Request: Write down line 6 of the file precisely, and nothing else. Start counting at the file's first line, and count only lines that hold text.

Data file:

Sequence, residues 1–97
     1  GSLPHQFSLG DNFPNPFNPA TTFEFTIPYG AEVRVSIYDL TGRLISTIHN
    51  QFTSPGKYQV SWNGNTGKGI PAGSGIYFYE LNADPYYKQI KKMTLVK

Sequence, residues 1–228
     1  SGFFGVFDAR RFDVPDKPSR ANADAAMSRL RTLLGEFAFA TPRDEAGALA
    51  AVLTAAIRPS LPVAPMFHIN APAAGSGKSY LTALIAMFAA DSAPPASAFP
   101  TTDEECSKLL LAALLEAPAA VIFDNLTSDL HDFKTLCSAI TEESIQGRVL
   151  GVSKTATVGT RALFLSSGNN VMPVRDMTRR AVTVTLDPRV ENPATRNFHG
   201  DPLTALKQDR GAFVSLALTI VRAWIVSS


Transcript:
    51  AVLTAAIRPS LPVAPMFHIN APAAGSGKSY LTALIAMFAA DSAPPASAFP